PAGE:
George fails to fix it: BBC boss leaves MPs incredulous
DG still can’t explain his lack of interest in Newsnight probe – and now says it should not have been shelved
GEORGE ENTWISTLE was accused by MPs today of lacking a "grip" on the BBC after he failed to answer key questions to their satisfaction during a damaging two-hour grilling into the Jimmy Savile child abuse scandal.
The Director-General astonished MPs by repeatedly insisting he could not remember key conversations, and failing to give answers to questions such as who at the BBC had allowed children to be taken back to Savile’s dressing-room where they were abused.
Entwistle also appeared to heap the blame for the cancellation of Newsnight’s December 2011 Savile investigation on editor Peter Rippon.
The DG has ordered an independent inquiry into Rippon’s controversial decision, to be headed by former Sky News boss Nick Pollard. But given his comments today, he appears to have already decided that Rippon is culpable, telling members of the cross-party Culture Committee that the Newsnight investigation should have been allowed to go ahead.
"I came away from [last night’s] Panorama firmly of the view that [the Newsnight] investigation... should have been allowed to continue," Entwistle said.
"On the basis of what I now know I am surprised nothing further happened with it... There was clearly some good journalistic material here. Even if there was not the prospect of an immediate transmission, further investigation would have been appropriate."
Once again, Entwistle sought to distance himself from the decision to cancel the Newsnight programme. He admitted again that the BBC’s head of News, Helen Boaden, had told him that Newsnight was preparing a Savile programme, knowing that Entwistle, then head of BBC Vision, was planning two tributes to the late entertainer in the upcoming Christmas schedule.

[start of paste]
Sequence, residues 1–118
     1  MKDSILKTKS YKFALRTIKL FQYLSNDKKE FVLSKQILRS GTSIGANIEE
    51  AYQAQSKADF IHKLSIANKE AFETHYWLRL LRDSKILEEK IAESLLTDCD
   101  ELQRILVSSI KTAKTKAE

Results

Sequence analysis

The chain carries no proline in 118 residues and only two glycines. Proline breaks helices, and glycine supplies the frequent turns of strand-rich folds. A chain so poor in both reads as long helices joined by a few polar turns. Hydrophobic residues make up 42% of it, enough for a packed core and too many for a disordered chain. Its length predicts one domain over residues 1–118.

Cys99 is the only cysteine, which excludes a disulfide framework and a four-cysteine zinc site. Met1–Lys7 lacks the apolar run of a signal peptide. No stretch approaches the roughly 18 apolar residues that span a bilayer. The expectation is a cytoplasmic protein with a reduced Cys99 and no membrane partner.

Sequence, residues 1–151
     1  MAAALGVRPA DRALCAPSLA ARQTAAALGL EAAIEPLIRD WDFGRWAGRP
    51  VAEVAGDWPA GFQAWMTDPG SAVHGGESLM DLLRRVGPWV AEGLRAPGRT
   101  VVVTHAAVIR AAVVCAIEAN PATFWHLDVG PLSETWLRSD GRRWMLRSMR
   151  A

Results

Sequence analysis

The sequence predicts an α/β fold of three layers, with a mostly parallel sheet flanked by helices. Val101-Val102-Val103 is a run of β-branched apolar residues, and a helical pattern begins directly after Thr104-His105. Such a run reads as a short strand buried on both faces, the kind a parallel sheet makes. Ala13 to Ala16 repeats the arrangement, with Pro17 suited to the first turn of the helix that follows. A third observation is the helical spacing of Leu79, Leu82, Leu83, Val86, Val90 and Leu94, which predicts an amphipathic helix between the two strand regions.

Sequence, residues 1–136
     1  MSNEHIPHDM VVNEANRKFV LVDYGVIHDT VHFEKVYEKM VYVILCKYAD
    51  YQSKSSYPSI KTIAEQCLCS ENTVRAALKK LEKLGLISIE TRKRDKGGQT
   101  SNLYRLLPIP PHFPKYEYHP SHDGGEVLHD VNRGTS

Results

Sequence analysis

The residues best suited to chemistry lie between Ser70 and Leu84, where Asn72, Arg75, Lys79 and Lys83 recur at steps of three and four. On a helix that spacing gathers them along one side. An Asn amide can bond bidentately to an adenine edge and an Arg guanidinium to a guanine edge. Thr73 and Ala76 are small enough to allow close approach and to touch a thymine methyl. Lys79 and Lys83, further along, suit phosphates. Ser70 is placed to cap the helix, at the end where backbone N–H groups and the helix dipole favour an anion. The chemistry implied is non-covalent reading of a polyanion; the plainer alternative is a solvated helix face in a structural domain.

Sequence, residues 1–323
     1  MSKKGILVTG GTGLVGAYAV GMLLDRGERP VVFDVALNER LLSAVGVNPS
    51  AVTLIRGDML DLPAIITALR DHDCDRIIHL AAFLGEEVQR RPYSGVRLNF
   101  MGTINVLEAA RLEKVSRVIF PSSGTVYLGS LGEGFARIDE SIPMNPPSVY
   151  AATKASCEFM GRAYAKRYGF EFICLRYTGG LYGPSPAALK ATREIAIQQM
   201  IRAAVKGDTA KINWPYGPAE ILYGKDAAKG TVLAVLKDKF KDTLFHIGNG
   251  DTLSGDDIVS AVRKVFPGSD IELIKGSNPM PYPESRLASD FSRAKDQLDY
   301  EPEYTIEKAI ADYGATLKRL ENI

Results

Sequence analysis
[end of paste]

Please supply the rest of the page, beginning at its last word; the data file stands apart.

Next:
When Entwistle rolled out his familiar refrain that he thanked Boaden for letting him know, but decided to ask no questions about the Newsnight programme for fear of being seen to interfere, the MPs were incredulous.
The DG said: "I think she was preparing me to consider changing the schedule."
Members of the committee said they were found it "astonishing" that the DG did not ask her any further questions.
"This was a determination to avoid undue interest," Entwistle responded.
Tory MP Philip Davies, a former Asda executive, caused laughter when he told Entwistle: "It seems the wish not to show undue interest applies to everything at the BBC judging by your evidence."
It seems likely the MPs will now want to call Helen Boaden to see if she can throw any light on the subject. They have already said that they won’t call Peter Rippon until after Nick Pollard’s inquiry has reported.
How did Entwistle do overall? Not brilliantly. He may be a respected former journalist but he came across as a slippery civil servant.
A group of veteran BBC executives asked afterwards by Sky’s Adam Boulton whether Entwistle’s job was on the line, responded unanimously: "It’s not off the line".
But if Entwistle has his way, judging by today’s evidence, it will be Rippon who takes the fall for this fiasco.